Youth in ‘Forgotten’ Afghanistan Exposed to Drug Abuse and Mental Health Disorders
Afghan opium poppy cultivation sustains many rual communities – and keeps many in the adiction vicious cycle

The ‘forgotten crisis’ of Afghanistan has exposed more and more young Afghans to mental health problems and drug abuse amid dwindling donor support and crumbling healthcare under the Taliban regime, said experts at a high-level side event at the recent meeting of the Commission on Narcotic Drugs in Vienna Austria.

Since the Taliban imposed a drug ban in April 2022, opium poppy cultivation in the war-ravaged country has dropped by around 95%, according to the United Nations Office on Drugs and Crime (UNODC)

But experts claim that drug abuse, particularly among the youth, is getting worse – and is being compounded by a lack of treatment.

The WHO estimates that around 2.9 million people abuse drugs in the country, while nine million have mental health issues in a population of around 38,3 million.

Holistic approach

At the side-event on “Mental health and substance use disorders in Afghanistan”, hosted by the World Health Organization (WHO), UNODC, the European Union (EU) and the Japanese government, stakeholders said the rapidly deteriorating socio-political environment in the country posed new challenges that require a more holistic approach and engagement with the Taliban authorities to save millions of lives. 

Jean-Luc Lemahieu, UNODC’s director of policy analysis and public affairs, said that many youngsters trying to escape the Taliban’s oppressive system of governance are vulnerable to drug abuse and exploitation, including radicalization.

Programmes linking reducing drug use and “active livelihood support and vocational skill training” should be offered in the country, he suggested.

Opium poppy farming in Afghanistan dramatically decreased after a 2022 drug ban.

UN officials noted that the “near-total contraction of the opiate economy is expected to have far-reaching consequences” for rural communities who relied on income from cultivating opium.

“Farmers’ income from selling the 2023 opium harvest to traders fell by more than 92 per cent from an estimated $1,360 million for the 2022 harvest to $110 million in 2023,” according to UNODC.

The WHO estimates that 23.7 million Afghan people will need humanitarian assistance this year as economic conditions in the country deteriorate. In addition, 9.5 million people have no or very limited access to healthcare.

Experts at the event warned that mental health and drug addiction can have far reaching public health consequences, including higher mortality rates, infectious diseases like HIV, hepatitis as well as diminished productivity.

Social tensions

Raffaella Iodice, Chargée d’Affaires and deputy head of the EU Delegation to Afghanistan, told the conference that mental health issues and drug addiction can trigger social tensions and negatively influence stability in communities. 

“Investing in drug demand reduction and mental health, quality, evidence-based and comprehensive treatment and prevention can pave the way for more sustainable and resilient communities that are critical for advancing the overall economic situation,” she said.

The EU is supporting a 100-bed Female and Children Drug Addiction Treatment Centre (DATC) in Kabul, which was established in December 2023.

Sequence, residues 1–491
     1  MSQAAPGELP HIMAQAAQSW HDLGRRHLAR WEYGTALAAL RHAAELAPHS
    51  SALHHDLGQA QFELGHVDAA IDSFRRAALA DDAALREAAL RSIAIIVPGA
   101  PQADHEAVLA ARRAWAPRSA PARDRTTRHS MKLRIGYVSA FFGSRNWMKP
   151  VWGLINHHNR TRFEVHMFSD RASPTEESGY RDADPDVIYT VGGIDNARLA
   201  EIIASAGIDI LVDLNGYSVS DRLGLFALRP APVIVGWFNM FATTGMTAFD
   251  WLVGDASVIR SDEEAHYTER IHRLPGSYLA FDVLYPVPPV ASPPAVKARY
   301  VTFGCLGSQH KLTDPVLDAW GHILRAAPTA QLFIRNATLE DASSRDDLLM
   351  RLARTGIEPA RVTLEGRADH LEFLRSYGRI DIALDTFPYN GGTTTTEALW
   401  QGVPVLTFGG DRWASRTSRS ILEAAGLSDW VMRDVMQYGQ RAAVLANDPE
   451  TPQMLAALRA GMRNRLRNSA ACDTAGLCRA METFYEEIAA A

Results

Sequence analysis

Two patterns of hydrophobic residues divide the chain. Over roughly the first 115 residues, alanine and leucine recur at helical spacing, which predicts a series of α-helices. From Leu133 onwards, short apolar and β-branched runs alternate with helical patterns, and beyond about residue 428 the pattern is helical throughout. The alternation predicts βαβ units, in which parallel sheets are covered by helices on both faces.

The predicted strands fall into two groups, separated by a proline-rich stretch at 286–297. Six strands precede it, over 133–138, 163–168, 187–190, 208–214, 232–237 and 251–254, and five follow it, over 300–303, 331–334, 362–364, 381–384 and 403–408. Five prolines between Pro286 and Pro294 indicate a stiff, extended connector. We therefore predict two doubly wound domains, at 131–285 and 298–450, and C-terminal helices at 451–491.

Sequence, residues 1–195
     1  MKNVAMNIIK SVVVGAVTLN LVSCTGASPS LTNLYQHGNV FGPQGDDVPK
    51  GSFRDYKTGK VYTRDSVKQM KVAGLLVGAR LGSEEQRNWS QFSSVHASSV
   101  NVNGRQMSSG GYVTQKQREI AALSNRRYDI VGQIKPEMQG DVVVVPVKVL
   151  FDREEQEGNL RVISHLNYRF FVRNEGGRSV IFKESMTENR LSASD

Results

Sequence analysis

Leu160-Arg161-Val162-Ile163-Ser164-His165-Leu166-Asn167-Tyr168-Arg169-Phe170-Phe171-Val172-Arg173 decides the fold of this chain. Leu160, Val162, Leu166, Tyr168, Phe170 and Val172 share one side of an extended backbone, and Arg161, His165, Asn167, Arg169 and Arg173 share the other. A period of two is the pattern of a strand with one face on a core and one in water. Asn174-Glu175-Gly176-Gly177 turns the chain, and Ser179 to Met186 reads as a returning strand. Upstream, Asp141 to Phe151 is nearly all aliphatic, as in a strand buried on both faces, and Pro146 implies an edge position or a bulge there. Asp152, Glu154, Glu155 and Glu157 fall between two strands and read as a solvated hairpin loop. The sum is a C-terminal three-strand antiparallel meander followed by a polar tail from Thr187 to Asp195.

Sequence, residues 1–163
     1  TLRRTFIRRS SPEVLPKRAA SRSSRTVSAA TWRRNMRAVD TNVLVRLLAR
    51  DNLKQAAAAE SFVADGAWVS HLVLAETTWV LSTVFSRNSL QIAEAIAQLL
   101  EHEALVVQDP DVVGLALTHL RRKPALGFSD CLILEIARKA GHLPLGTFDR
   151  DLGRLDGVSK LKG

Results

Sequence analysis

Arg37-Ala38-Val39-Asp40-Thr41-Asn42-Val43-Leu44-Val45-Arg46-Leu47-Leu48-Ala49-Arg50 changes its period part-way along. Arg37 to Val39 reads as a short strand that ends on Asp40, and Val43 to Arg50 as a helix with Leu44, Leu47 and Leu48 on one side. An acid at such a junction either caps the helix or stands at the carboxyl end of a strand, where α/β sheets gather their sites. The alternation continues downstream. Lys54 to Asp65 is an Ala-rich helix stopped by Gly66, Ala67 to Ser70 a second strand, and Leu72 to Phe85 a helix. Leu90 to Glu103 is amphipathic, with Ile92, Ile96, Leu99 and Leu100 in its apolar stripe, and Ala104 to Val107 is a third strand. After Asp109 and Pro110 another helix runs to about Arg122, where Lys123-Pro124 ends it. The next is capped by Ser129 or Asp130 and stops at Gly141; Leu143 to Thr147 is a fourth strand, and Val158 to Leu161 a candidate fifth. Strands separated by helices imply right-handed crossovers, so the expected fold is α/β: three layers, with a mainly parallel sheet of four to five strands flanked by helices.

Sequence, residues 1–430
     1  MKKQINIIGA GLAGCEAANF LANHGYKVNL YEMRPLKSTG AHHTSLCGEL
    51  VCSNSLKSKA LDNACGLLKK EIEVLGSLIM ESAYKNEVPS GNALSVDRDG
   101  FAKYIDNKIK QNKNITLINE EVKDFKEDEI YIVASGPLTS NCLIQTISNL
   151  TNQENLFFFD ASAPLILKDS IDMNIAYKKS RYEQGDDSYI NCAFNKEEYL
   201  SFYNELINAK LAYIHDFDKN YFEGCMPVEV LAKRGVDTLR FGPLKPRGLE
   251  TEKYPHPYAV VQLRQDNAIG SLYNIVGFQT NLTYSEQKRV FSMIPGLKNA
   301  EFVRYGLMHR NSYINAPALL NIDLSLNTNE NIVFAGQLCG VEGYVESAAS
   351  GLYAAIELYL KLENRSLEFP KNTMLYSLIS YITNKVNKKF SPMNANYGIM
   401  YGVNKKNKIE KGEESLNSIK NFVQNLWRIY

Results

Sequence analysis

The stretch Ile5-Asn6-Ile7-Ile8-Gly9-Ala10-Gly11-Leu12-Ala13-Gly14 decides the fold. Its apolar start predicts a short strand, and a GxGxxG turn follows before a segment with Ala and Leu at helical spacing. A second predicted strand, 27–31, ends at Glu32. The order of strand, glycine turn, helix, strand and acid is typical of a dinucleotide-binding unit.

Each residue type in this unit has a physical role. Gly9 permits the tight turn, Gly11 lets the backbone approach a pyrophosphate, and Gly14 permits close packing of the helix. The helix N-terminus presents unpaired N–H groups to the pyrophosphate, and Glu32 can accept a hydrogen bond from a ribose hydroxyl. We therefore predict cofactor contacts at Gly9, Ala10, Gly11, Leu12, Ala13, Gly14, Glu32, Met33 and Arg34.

It assists mothers and children up to the age of 17, offering “child counselling sessions that surpass conventional education, acting as a crucial pillar of support for young minds navigating the complexities of addiction”, according to a report from the WHO EMRO region

Easy access to drugs

Abdul Hakim, who was enrolled in a drug addiction treatment centre in Kabul eight months ago after 20 years of drug addiction,  told Health Policy Watch that the easy availability of drugs was one of main reasons why many return to addiction after treatment and recovery.  

“If the authorities collect the drugs and dealers from the market, we will recover and stop using drugs,” he said.

Kabul city resident Gholam Ali, whose son became addicted to drugs eight years ago, told Health Policy Watch that his son has been treated several times, but easy access to drugs has made him addicted to it again. 

“There was no clinic left that I did not take my son to. He is treated for one or two months in each clinic, but when he leaves the clinic, there are drug addicts and drugs available outside, and he turns to drugs again,” said Ali.

Anja Busse, a UNODC programme officer working on prevention, treatment and rehabilitation,  said that the treatment model in Afghanistan is unable to meet the needs in the country. 

“The outpatient services in the community would need to be widely expanded and to be integrated in the community based health care approaches to have a continuum of care,” said Busse.

“ The reduced availability of previously widely used opioids at local markets has potentially increased risks for people with drug dependence due to increased levels of police interactions.”

Afghanistan’s health system system has been struggling to meet mounting demands amid dwindling aid and restrictions. Stigma is also a problem.

“Whether we are facing a mental health patient or substance use disorder client, we are facing a major stigma issue and most of the communities,” said Dr Vail Al-Raas, the mental health and psychosocial support coordinator at the International Medical Corps in Afghanistan.

She suggested the mental health treatment programs should be integrated into existing public health programmes to use existing infrastructure and resources. 

“This can give [these programmes] a good chance to expand and be implemented on the ground, and interest has recently been shown by some donors.”

Image Credits: Resolute Support Media, UNODC.

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